Christopher Oleson reviews Thaddeus Kozinski, The Political Problem of Religious Pluralism: And Why Philosophers Can't Solve It
To the typical inhabitant of a modern liberal democracy, the title of Thaddeus Kozinski's intriguing new book will probably sound a little puzzling, inasmuch as, within contemporary democractic culture, religious pluralism is not generally understood to be a "political problem." On the contrary, for the democratic soul, religious pluralism seems to be more a positive good, something to be protected and celebrated, rather than "solved" or overcome. One's religious commitments would have to be "extreme" and thus "anti-democratic" to take issue with liberalism's positive affirmation of religious diversity, for it is one of democratic modernity's greatest achievements to have crafted institutional arrangements that allow for the easy co-existence of various religious groups both with one another and with the overarching liberal political order.
Secular democratic modernity can only claim not to have a religious pluralism problem because it has already implicitly solved this problem by subtly emasculating traditional religious identity
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One of the many insights of Thaddeus Kozinski's valuable contribution to the on-going conversation about the relationship between Faith and politics is to articulate with precision how secular democratic modernity can only claim not to have a religious pluralism problem because it has already implicitly solved this problem by subtly emasculating traditional religious identity and establishing, under the false veil of political neutrality, institutional arrangements charged with theological and metaphysical significance.
Thus, only by becoming enculturated to re-interpret religious belief in such a way that it can have no substantive implications for the social and political order, and correspondingly, by becoming miseducated to not notice the tacit establishment of a quite partisan sense of the good, freedom, and selfhood, do the citizens of secular democracies think that they have a neutral social order that need not view religious pluralism as politically problematic. For those whose religious creed is not merely an emotional accoutrement, this situation is obviously deeply troublesome, for the logic of secular liberalism, as Kozinski makes clear, would force the believer to treat his Faith commitments as merely therapeutic preferences of an autonomous self.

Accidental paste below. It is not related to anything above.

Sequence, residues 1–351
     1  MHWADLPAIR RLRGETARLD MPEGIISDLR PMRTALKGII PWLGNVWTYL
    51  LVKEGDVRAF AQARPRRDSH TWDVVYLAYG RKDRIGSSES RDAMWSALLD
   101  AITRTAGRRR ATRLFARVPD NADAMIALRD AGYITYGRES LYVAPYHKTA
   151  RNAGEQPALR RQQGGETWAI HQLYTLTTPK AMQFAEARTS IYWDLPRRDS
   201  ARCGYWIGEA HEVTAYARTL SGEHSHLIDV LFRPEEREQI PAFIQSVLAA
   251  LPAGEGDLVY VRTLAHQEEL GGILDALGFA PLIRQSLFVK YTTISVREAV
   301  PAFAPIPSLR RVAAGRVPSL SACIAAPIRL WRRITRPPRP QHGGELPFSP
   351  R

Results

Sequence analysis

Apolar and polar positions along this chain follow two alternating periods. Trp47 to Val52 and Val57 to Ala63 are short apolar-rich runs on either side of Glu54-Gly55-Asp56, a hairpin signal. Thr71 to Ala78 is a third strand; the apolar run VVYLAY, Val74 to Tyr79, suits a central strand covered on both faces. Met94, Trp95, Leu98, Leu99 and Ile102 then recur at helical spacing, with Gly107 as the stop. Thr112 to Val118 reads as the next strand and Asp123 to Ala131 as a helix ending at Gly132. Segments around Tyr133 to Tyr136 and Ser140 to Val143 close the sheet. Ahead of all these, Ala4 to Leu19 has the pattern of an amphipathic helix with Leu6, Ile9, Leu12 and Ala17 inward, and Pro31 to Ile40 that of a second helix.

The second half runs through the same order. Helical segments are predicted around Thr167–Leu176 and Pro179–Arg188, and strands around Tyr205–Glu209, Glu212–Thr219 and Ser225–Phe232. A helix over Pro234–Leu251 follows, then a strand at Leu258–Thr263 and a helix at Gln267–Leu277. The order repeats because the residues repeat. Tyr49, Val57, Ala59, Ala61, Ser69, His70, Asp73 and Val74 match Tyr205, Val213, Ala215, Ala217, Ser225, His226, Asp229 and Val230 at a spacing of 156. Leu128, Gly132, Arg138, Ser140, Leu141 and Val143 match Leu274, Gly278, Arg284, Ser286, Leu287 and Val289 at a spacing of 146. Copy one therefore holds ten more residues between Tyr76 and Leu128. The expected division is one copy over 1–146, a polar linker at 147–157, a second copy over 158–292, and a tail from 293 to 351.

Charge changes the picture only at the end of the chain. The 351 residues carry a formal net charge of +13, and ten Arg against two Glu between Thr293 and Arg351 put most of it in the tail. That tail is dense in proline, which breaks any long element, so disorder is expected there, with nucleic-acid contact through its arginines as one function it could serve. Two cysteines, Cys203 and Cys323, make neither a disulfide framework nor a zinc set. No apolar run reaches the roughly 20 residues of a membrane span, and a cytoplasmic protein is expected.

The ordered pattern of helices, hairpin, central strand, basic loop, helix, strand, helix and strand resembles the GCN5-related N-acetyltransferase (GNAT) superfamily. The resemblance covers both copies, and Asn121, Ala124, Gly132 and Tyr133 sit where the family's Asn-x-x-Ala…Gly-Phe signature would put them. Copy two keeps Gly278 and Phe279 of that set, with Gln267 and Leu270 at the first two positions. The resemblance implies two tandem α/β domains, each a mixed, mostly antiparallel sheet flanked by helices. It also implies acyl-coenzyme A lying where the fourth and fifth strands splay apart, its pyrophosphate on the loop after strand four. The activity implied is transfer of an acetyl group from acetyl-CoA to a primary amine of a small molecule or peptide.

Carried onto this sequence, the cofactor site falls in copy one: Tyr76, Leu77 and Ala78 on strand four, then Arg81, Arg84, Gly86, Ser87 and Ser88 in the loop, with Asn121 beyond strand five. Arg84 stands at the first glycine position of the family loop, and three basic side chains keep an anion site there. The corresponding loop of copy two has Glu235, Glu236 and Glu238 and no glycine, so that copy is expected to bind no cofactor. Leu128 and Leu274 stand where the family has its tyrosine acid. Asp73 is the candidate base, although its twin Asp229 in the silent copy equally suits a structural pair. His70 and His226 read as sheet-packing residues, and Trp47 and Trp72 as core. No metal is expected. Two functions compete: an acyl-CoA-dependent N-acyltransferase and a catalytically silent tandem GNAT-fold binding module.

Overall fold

Clarifying this situation and working towards articulating a solution to it which is at once both honest about its principles, coherent in working them out, and politically expressive of the truth and ultimate happiness of man is the task that Kozinski sets himself in his book. He does this by successively engaging the thought of three influential and progressively illuminating political philosophers. John Rawls, Jacques Maritain, and Alasdair MacIntyre. Rawls serves as the quintessential philosophical voice of secular democratic liberalism, Maritain as the exponent of a Catholic hybridization of Thomistic political philosophy and modern democratic ideals, and MacIntyre as the most penetrating philosophical critic of liberal modernity and advocate of a local Thomistic politics of the common good against the bureaucratic nation-state.
Of the three, Kozinski is by far the most sympathetic to MacIntyre. Nevertheless, even his proposal falls short in Kozinski's eyes, for MacIntyre's vision of small communities of virtue does not quite attain to the level of truly political existence, remaining as it does, Kozinski claims, too local in its aspirations. More importantly for Kozinski, MacIntyre's thought problematically remains at the level of mere philosophy. Studiously avoiding the role of theologian, MacIntyre deprives himself of the resources of political theology, and thereby fails to affirm the necessity of a public recognition of divine revelation and Magisterial teaching as the most propitious conditions for a stable and morally healthy political state. As Kozinski's subtitle indicates, philosophy as such can offer little or no light on how to move a community of seriously diverse worldviews to a unified political order of virtue and human happiness. Only the eventual achievement of a confessionally Catholic state, Kozinski concludes, can overcome the limitations of political philosophy in general, and liberal modernity in particular.